Subcontractor payment on government contract not subject to setoff by government
One a subcontractor has status as a third-party beneficiary, the subcontractor is entitled to payment without any setoffs for amounts due to the government by the prime contractor on unrelated contracts. Only government claims against the subcontractor can be setoff from payment due the subcontractor under the contract. “Setoff is a device that facilitates the efficient reconcilation of competing claims between the same parties.” J.G.B. Enterprises, Inc. v United States, 497 F.3d 1259 (Aug. 2, 2007). In J.G.B., the United States conceded that JGB was a third-party beneficiary. “A subcontractor is a third party beneficiary to the government contract when the CO knew or should have known that the government’s payment on the contract was intended to directly benefit the subcontractor” (citing the D&H decision). The government contracting officer was aware that the change in payment arrangements was intended to ensure payment to JGB. Accordingly, JGB is a third-party beneficiary and the government cannot reduce the payment to JGB because the government has outstanding claims against the prime contractor.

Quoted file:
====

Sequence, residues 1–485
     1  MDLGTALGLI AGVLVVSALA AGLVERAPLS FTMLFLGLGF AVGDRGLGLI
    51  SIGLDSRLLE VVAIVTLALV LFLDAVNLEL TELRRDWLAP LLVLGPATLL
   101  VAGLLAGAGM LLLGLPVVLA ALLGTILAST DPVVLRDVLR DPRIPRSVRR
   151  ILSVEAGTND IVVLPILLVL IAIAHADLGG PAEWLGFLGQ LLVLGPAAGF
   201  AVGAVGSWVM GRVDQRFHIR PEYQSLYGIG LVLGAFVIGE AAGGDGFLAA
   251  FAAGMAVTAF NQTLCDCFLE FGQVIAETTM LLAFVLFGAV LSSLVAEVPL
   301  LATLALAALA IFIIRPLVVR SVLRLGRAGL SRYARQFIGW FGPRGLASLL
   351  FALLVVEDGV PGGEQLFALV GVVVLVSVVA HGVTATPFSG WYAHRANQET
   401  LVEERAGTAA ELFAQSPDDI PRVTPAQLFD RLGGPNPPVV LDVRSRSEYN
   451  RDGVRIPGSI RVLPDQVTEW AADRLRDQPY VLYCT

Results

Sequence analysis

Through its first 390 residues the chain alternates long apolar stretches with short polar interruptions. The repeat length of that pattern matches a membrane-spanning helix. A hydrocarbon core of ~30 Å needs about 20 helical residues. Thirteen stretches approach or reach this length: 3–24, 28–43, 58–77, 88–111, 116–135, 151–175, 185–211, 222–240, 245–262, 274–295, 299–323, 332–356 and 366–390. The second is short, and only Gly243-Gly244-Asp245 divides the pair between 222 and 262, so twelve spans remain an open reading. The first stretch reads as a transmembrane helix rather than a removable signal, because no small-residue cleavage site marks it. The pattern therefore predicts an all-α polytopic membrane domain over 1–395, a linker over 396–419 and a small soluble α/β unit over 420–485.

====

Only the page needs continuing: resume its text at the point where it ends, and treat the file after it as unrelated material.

Sue for subcontractor payment in the right court and beware statute of limitations!
The United States Court of Appeals for the Federal Circuit dashed hopes for a Navy subcontractor payment in the recent case of FloorPro, Inc. v United States, 680 F.3d 1377 (May 31, 2012). The government and contractor entered a contract modification directing the government finance office to issue a joint check payable to the prime contractor and subcontractor. (The prime was having financial troubles). The finance office instead made the payment only to the prime contractor, who failed to pay the subcontractor. Subcontractor FloorPro, Inc. communicated with the contracting officer, submitted a claim to the Navy, and filed an action against the Navy at the Armed Services Board of Contract Appeals (“ASBCA”). The ASBCA said FloorPro was a third-party beneficiary and found the government liable for damages plus interest for the government’s breach of the contract modification.